Amarillo Senator is the “man on the bubble” for key state policy


AUSTIN (KXAN) — A bill capping the growth of local governments is short by one vote to come to the floor of the Texas Senate and Amarillo Senator Kel Seliger could hold the key. Seliger is the only Republican Senator publicly opposed to the idea.

SB 2 would require an election if a local government collects more than 2.5 percent in property taxes from the year before. Author of the bill Sen. Paul Bettencourt, R-Houston, and the presiding officer of the Senate, Lt. Governor Dan Patrick, have said they have 18 supporters, but need 19. 

This isn’t the first time he’s bucked the Senate Republican leadership.

SB 2 has been one of the defining issues so far of the 86th legislative session. Governor Greg Abbott, Speaker Dennis Bonnen, and Lt. Governor Dan Patrick seek to limit the growth of local property taxes.

The bill quickly passed a Senate committee despite overwhelming opposition from local elected leaders, fearing it would cut into public safety.

“To assume that property taxes are only important to certain members here because you adhere to a certain piece of legislation— nothing can be more false,” said Sen. Seliger, R-Amarillo, “There’s a lot of different ways to get there. I happen to get there by listening to locally elected officials, regardless of what some people in this building think, they are some of the most dedicated and capable people in the state of Texas.”

Seliger was the Mayor of Amarillo before elected to the state senate in 2004. His priorities haven’t changed much he says: making sure West Texas gets its fair share of resources for roads, public schools, higher education, and mental health.

Over the years, statewide politics have changed around him. State leaders are more often looking to overrule cities and counties.

Man on the bubble

Seliger often sides with locals on limits to property taxes, resources for schools, ridesharing ordinances for companies like Uber and Lyft, and red light camera bans.

“One of the things that we don’t want to do in the Texas legislature, I think, is obsolve people of the responsibility of going to vote for the people who represent you locally. It’s the most responsive form of government to a very great extent,” said Sen. Seliger, “Locally, we have the government we deserve based on the people we vote for or the people we don’t vote for.” 

Executive Editor of the Texas Tribune, Ross Ramsey, says Seliger is viewed this session as the “man on the bubble.” 

“You have to have 19 votes. When that’s a partisan matter, you need all the Republicans and you need 19 of them,” said Ramsey, “So that puts any given Republican in the position of saying I’m for this or I’m against this. And given his situation ideologically and his the tension between him and the Lt. Governor, that generally puts Seliger in the decision making position of whether something is going to go or not.” 

Scrap with Lt. Governor Patrick

Sen. Seliger and Lt. Governor Patrick’s relationship has simmered for a few years, but boiled over into public view earlier this year.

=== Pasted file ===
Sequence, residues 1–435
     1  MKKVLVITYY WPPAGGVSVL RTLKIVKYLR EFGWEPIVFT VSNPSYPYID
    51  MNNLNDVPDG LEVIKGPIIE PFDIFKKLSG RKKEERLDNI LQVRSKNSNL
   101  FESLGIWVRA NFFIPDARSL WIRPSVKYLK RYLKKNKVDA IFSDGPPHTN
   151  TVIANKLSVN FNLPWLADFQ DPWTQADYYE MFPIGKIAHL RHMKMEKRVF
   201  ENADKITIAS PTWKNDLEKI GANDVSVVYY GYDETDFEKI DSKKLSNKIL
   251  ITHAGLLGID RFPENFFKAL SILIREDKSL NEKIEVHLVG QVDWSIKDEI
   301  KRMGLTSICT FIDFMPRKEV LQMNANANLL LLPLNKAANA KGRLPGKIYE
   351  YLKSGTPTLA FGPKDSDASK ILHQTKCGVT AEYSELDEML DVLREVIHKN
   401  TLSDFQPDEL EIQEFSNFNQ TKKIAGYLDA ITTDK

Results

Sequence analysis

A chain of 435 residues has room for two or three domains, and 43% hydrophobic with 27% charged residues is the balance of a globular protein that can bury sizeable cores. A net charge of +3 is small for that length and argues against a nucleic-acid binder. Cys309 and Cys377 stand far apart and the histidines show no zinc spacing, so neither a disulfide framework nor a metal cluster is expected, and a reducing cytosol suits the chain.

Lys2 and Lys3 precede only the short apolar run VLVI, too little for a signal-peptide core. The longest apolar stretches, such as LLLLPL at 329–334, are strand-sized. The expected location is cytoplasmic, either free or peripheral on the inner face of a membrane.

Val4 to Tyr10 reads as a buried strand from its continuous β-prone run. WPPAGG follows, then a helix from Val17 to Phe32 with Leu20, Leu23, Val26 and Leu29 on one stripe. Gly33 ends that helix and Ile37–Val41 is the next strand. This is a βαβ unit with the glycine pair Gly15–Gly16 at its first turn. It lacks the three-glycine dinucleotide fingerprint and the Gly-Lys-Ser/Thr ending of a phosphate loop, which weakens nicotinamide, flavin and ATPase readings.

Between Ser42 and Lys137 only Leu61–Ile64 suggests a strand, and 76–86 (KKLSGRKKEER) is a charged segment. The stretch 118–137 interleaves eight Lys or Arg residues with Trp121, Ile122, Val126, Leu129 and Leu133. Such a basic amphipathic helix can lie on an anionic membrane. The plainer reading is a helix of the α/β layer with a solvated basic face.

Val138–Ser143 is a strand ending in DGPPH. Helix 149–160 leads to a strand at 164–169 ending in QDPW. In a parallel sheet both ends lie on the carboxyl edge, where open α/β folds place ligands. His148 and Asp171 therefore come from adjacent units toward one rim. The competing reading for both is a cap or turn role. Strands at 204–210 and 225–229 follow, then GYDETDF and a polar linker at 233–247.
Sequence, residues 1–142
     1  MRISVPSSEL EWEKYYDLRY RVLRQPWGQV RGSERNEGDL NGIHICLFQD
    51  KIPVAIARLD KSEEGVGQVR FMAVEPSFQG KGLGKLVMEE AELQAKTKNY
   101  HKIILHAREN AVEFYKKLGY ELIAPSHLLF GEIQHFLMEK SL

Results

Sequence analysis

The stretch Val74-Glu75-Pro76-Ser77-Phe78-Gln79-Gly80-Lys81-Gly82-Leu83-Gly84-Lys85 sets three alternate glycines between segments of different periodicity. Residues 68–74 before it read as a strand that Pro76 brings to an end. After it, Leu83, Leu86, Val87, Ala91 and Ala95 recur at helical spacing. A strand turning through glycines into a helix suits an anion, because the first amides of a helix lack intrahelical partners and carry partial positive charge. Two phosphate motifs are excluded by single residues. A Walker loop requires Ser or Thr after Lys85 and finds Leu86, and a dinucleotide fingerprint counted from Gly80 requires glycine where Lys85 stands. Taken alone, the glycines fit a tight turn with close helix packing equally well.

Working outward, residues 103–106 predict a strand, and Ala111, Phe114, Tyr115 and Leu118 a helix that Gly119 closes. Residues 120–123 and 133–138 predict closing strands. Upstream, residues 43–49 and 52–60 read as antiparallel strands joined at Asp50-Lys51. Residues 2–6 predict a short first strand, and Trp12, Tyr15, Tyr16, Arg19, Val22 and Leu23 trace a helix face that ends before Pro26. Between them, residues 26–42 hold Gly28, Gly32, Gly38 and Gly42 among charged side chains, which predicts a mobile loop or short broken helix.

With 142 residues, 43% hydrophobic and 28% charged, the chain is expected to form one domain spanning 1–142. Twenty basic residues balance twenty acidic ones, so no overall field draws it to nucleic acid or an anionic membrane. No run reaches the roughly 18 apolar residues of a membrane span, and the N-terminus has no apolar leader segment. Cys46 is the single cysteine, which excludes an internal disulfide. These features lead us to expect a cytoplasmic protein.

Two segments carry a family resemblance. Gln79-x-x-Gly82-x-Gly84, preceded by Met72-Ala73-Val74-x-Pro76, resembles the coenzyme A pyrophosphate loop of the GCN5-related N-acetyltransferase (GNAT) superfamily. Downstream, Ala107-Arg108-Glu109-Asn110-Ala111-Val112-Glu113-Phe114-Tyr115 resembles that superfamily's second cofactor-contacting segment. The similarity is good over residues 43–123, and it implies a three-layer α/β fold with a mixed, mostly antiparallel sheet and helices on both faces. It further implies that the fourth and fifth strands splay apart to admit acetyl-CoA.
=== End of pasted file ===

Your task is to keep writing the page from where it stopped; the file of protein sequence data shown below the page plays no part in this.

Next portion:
Patrick did not re-appoint Seliger to chair the powerful Higher Education Committee, putting him atop the Agriculture committee instead.

“I made those decisions based on a number of factors,” Patrick said when asked at a press event. He did not elaborate. 

When Seliger spoke against that decision, calling it retribution for sticking up for local officials over the wants of Patrick, an advisor to Patrick, Sherry Sylvester, said if Seliger didn’t like his new position, the Lt. Governor’s team could appoint someone else to the remaining places he held. 

Then, Seliger said this on the radio.

“It’s really unbecoming for the member of the staff, the Lt. Governor’s or my staff. ” Seliger said on the radio at the time, “I didn’t say anything of the sort. That assertion is disingenuous and I have a recommendation for Mrs.Sylvester and her lips and my back end.” 

Calling that comment “lewd” and it “shocked everyone”, Patrick stripped Seliger of all his leadership positions, as well.

Patrick went on to call Seliger a “corrosive force” in the legislature in an interview with the Dallas Morning News

“Everything begins, really, on policy. Largely, policy. Once again, fundamental disagreements and I’m always going to come down on the side of the people I represent, the people who sent me here,” said Seliger in an interview with KXAN.

People in Amarillo and Midland district continue to send Seliger to Austin. In 2018, he defeated not one, but two opponents in the Republican primary— former Midland Mayor Mike Cannon and Amarillo businessman Victor Leal.

While political trends change across the state, Seliger remains. 

“Really, I’m a Reagan, small government person. Call it a localist,” said Sen. Seliger. “There’s nothing new about me when it comes to a basic conservative philosophy, nothing.”

As for property taxes, Senator Seliger has his own idea. Instead of capping the revenue local governments can collect, his SB 1086 caps the growth of your appraisal at 5 percent from last year.
He says that idea will go further in relieving property taxpayer’s burden while not putting new burdens on the cities, counties, and school districts. 

SB 1086 has been filed, but has no co-authors and has not been referred to committee. 

Lawmakers must pass all bills into law by the end of May. 

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